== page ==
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Colour and contrast

In order to create accessible content on the web, you need to be aware of how your choice of colours and contrast affects accessibility. You also need to be aware of, and follow, the existing guidelines.

If you have ever tried to read a website on a mobile phone while standing in bright sunlight, you will understand the importance of clear contrasts. For people with colour blindness, for example, a website can be perceived in the same way even when they are at work or at home at their computer. 

As the publisher, you have a responsibility

When publishing content on the web, you are responsible for ensuring that it is accessible. There are several tools and templates available to help you, but you need to be aware that it is not always enough to use Lund University’s graphic profile or style guide to guarantee web accessibility. 

Tips on how to use colour and contrast

•    Use colours that create a sharp contrast between background and content. This applies to text, images and graphics. 
•    Use colours and colour contrasts in order to improve usability and user experience but remember to distinguish between different items of information in more than one way. Colour contrasts should be complemented with text, pattern and/or graphic elements such as lines or icons.
•    Be careful when using combinations of green, red and brown. Many people with colour blindness have difficulty distinguishing between them.

Examples of how to supplement your content to differentiate information

Here are two examples of how you can improve accessibility when working with infographics, for example. In the first example, only differences in colour are used to distinguish the information. In the second, contour lines have been used and the text has been placed in a way that helps differentiation.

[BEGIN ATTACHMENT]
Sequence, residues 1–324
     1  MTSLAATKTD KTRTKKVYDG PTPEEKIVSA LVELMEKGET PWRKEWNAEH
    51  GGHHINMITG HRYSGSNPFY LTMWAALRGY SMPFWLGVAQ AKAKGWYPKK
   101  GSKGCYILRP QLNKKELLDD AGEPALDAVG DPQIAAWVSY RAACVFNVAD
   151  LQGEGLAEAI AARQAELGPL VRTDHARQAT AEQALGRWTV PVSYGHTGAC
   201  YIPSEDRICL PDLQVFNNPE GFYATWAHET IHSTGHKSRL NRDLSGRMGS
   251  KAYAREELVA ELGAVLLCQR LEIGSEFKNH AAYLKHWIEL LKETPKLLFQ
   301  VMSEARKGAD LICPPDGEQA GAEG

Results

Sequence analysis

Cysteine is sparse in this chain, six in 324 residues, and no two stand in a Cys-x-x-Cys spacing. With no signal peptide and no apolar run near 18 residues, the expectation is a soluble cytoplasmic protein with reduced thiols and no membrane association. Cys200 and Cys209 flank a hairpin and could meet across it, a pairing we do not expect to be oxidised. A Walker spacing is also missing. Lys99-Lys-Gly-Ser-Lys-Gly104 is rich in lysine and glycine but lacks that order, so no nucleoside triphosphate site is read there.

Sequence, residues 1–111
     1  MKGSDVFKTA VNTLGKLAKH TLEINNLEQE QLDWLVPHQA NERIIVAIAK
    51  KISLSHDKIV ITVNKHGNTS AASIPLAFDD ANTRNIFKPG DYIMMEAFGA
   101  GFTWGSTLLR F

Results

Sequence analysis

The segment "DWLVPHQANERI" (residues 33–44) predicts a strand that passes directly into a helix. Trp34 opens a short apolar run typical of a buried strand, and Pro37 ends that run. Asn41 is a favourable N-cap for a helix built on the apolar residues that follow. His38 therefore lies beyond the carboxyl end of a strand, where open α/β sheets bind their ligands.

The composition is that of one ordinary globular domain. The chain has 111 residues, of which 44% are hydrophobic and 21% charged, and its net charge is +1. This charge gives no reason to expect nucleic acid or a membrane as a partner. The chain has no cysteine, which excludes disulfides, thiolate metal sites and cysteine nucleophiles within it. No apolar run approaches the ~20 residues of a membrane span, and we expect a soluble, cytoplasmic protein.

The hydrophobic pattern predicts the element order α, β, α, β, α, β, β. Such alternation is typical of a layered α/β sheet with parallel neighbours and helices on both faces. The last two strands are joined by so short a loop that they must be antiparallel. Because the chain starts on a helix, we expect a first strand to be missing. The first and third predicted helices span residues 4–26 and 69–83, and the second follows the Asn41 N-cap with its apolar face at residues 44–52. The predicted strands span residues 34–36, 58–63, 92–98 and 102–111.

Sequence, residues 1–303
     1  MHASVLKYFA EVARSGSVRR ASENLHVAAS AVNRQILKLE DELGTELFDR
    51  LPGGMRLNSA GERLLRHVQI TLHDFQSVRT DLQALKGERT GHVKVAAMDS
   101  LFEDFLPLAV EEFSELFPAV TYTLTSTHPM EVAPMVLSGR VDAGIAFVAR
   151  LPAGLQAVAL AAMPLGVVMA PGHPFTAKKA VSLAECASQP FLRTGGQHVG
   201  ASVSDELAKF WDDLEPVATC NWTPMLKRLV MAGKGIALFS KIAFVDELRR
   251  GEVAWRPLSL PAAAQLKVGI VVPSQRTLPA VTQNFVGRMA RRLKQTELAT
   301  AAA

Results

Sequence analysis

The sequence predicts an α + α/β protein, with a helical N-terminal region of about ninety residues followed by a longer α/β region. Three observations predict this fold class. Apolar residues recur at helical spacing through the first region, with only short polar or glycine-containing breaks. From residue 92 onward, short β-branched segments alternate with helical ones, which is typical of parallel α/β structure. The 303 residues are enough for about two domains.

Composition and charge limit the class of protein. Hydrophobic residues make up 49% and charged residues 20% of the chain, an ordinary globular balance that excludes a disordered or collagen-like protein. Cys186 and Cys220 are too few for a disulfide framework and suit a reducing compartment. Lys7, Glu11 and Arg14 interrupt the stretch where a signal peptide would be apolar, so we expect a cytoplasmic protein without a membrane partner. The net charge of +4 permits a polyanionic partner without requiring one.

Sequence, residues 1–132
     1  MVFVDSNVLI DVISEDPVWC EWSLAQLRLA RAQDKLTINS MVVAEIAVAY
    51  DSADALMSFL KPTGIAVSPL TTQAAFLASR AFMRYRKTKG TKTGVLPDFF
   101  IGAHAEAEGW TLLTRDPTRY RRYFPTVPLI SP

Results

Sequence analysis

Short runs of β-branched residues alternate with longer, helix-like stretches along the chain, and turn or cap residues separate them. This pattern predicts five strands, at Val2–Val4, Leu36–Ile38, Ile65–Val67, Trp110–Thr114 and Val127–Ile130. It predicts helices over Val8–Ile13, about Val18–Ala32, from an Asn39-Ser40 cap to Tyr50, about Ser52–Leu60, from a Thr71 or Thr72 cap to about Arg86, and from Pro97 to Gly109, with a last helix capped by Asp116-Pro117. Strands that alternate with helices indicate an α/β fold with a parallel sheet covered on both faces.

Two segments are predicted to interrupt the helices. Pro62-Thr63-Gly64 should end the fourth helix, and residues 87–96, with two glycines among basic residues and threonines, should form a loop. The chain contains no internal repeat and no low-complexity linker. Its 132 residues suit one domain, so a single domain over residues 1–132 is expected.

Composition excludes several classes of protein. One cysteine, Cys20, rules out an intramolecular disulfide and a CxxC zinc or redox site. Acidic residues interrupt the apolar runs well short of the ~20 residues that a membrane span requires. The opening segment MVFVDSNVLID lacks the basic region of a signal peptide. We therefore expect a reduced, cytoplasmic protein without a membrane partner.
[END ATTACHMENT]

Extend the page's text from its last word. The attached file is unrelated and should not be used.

Diagram with colors creating low contrast
In this diagram, only colours are used to distinguish information. For a colour-blind person, it might be impossible to distinguish the distinct parts of the diagram.
Diagram with contrasting colors and contour linings
In this diagram, contrast has been improved and information is distinguished by both colour differences and contour lines. Text has also been placed to further improve differentiation.

Guidelines for colours and contrasts 

•    Avoid using colour alone to convey information – (in Swedish)
•    Use clear contrast in components and graphics – (in Swedish)
•    Use clear contrast between text and backgrounds – (in Swedish)

Tools for checking colours and contrasts

•    WebAIM: Color Contrast Checker –
•    Colour Contrast Analyser – free programme for measuring contrasts –


Contact Lund University's accessibility expert by sending an 
e-mail to: tillganglighet [at] kommunikation [dot] lu [dot] se (tillganglighet[at]kommunikation[dot]lu[dot]se)

You can also join the team "Nätverket för webbpublicister vid Lunds universitet" that has a channel for discussing web accessibility. Join the team and go directly to "Webbtillgänglighetskanalen" (in Swedish) on Microsoft Teams